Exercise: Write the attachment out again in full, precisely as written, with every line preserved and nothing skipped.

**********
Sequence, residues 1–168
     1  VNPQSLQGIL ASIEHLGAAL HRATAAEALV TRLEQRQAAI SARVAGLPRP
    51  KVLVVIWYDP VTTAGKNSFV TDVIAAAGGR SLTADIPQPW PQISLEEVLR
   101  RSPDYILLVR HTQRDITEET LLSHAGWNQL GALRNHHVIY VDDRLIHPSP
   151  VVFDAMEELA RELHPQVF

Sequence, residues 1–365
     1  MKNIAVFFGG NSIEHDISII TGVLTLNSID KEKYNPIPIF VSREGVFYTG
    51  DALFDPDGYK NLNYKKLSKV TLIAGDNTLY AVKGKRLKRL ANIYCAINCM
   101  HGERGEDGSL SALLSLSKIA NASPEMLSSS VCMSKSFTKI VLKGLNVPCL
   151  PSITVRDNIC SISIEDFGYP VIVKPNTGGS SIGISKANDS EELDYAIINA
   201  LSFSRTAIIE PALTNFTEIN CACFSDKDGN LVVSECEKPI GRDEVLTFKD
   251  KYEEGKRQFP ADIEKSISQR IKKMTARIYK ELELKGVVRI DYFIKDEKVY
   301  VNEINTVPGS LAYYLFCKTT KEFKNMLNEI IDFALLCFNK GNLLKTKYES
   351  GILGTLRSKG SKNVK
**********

Sequence, residues 1–168
     1  VNPQSLQGIL ASIEHLGAAL HRATAAEALV TRLEQRQAAI SARVAGLPRP
    51  KVLVVIWYDP VTTAGKNSFV TDVIAAAGGR SLTADIPQPW PQISLEEVLR
   101  RSPDYILLVR HTQRDITEET LLSHAGWNQL GALRNHHVIY VDDRLIHPSP
   151  VVFDAMEELA RELHPQVF

Sequence, residues 1–365
     1  MKNIAVFFGG NSIEHDISII TGVLTLNSID KEKYNPIPIF VSREGVFYTG
    51  DALFDPDGYK NLNYKKLSKV TLIAGDNTLY AVKGKRLKRL ANIYCAINCM
   101  HGERGEDGSL SALLSLSKIA NASPEMLSSS VCMSKSFTKI VLKGLNVPCL
   151  PSITVRDNIC SISIEDFGYP VIVKPNTGGS SIGISKANDS EELDYAIINA
   201  LSFSRTAIIE PALTNFTEIN CACFSDKDGN LVVSECEKPI GRDEVLTFKD
   251  KYEEGKRQFP ADIEKSISQR IKKMTARIYK ELELKGVVRI DYFIKDEKVY
   301  VNEINTVPGS LAYYLFCKTT KEFKNMLNEI IDFALLCFNK GNLLKTKYES
   351  GILGTLRSKG SKNVK